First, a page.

“Corporations are People” But Which People?

By :: August 12th, 2011

In a shouting match with a demonstrator at the Iowa State Fair yesterday, GOP presidential hopeful Mitt Romney argued against raising corporate taxes, asserting that “Corporations are people.”

He’s right, of course, in both the legal sense—the law treats corporations as if they are people—and in the economic sense—what happens to corporations affects people. Corporations are merely a legal convenience that people use to organize their businesses. That specifically applies to the taxes corporations pay: The corporation is the conduit but the burden of the tax falls on individuals. The question is “On whom?”

There are four main possibilities: the owners of the corporation, owners of capital in general, workers, and consumers. A) The corporation’s owners could get a smaller return on their investment if the tax reduces profits. B) All owners of capital could suffer if the tax induces a reallocation of investment toward less profitable but untaxed endeavors, thus reducing the after-tax return to all affected capital. C) Workers could receive less pay if the tax causes investment to move away from the firms that employ them, leaving them less productive than they would otherwise be. D) Consumers could pay more for the firm’s products if reduced output pushes prices up. Most likely the answer is E) All of the above.

So which group actually pays how much of the tax?

Economic analyses reach different conclusions, largely depending on what they assume about how readily capital and workers can move among industries and across borders. Some of the tax almost certainly falls on investors, since they can push the tax onto others only by moving to less profitable but untaxed activities (which pay more net of taxes) or raising prices and selling less. The question is how much and how quickly factors adjust to the tax.

If capital can shift readily from taxed to untaxed businesses—but workers can’t—much of the tax would likely fall on those workers. That’s more likely when capital moves across national borders, making it harder for workers to follow. In a 2006 Congressional Budget Office analysis, Bill Randolph found that international capital mobility could result in American workers bearing 70 percent of U.S. corporate taxes. Other studies have found even higher shares falling on workers. Kevin Hassett and Aparna Mathur, for example, showed that wages could actually fall by more than the amount of the tax increase, suggesting that workers bear more than 100 percent of the burden.

By contrast, a more recent CBO study by Jennifer Gravelle reviewed four papers looking at corporate tax incidence. Applying reasonable estimates of how economic activity changes in response to market changes (what economists refer to as “elasticities”), Gravelle found that the owners of capital likely bear well over half of the corporate tax, particularly in the short run when capital cannot move much. And she argues that the long run—when mobility is greatest—could be very long.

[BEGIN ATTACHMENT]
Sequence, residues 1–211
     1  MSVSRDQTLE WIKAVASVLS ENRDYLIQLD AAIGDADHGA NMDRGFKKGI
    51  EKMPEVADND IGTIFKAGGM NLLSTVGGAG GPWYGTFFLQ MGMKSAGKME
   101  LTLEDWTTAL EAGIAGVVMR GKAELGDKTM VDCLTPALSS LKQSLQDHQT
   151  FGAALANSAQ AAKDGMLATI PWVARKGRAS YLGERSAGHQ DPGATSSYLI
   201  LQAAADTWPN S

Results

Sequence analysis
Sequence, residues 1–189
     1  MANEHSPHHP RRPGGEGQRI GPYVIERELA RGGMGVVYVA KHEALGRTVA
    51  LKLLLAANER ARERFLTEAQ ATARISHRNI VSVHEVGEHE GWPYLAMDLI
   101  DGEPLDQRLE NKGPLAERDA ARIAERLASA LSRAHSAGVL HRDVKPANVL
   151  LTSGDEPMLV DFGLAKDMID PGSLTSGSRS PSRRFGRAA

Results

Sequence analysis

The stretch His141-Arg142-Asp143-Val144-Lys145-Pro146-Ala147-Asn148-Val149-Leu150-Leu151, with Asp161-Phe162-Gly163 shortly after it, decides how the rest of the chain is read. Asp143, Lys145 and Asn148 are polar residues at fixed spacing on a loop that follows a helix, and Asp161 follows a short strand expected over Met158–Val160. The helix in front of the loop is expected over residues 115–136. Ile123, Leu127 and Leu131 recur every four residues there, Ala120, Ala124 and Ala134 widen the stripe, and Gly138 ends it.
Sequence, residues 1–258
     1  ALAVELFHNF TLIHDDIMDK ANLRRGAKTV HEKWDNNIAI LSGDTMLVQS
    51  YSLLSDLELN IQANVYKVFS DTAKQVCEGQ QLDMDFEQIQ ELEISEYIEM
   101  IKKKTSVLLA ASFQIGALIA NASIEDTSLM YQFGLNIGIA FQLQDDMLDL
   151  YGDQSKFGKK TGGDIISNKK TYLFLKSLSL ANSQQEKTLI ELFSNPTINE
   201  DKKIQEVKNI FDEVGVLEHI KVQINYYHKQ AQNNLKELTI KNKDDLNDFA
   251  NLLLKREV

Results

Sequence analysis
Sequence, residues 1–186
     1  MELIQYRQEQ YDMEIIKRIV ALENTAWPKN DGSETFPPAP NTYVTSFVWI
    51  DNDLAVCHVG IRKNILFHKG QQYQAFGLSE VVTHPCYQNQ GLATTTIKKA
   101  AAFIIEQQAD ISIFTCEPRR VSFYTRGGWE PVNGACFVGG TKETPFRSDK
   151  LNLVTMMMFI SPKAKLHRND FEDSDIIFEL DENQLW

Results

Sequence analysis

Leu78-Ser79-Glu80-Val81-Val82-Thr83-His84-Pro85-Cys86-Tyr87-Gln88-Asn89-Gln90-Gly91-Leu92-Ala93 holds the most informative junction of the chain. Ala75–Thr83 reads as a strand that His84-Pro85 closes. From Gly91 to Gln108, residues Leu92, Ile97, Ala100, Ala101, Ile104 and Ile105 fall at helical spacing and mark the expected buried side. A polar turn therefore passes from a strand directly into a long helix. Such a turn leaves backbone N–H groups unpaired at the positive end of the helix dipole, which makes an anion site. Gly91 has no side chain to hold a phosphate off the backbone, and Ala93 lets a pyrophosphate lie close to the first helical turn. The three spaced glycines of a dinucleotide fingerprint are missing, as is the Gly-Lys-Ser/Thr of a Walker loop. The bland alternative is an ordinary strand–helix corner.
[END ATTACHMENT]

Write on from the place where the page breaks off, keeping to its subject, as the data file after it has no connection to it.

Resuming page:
The Tax Policy Center’s model assigns the full cost of the corporate tax to owners of capital, but that assumption is far from settled. Future work may lead to different conclusions.

Regardless of what economists conclude about the burden of the corporate tax, however, Romney was right in his unspoken assertion: Corporations may write the check, but it’s people who ultimately pay corporate taxes.


  1. denim  ::  5:10 pm on August 12th, 2011:

    “Corporations may write the check, but it’s people who ultimately pay corporate taxes.”
    And that “pass it on to the customer” is the best way because the end customer now has a way to avoid paying that tax by just not buying the product. The company can lobby for a tax cut better than the customer can.

  2. Michael Bindner  ::  10:14 pm on August 12th, 2011:

    No one is really talking about raising taxes on corporations – but rather reducing loopholes and cutting rates. Taxing corporations does far less damage to workers than does cutting the tax rates for dividends and high income individuals. These tax cuts give an incentive to management to exact productivity gains from employees – not by increasing technical efficiency but by offshoring jobs and demanding wage cuts. This is justified as being in the interests of shareholders – however shareholders usually receive a normal return and the lions share of the benefit goes to the executive suite. Higher taxes reduce that incentive.

    It is no accident that the fortunes of the working class began to change with the Reagan tax cuts, with every succeeding round of reductions forcing workers to rely on ever increasing levels of debt to keep up their standard of living.

    Corporate tax cuts are all well and good, provided that they are accompanied by individual tax increases so that repatriated funds are taxed at permanent normal income rates of 39.6%, not the 15% dividend rate now in force.

    In the long term, unions must work toward more employee ownership and union control over where their employees work (unlike the deal cut to let Fiat control Chrylser rather than the UAW which holds most of the stock). Only the prospect of union control over management pay will force the management caste to accept tax rates adequate to prevent the continued and deliberate destruction of the middle class.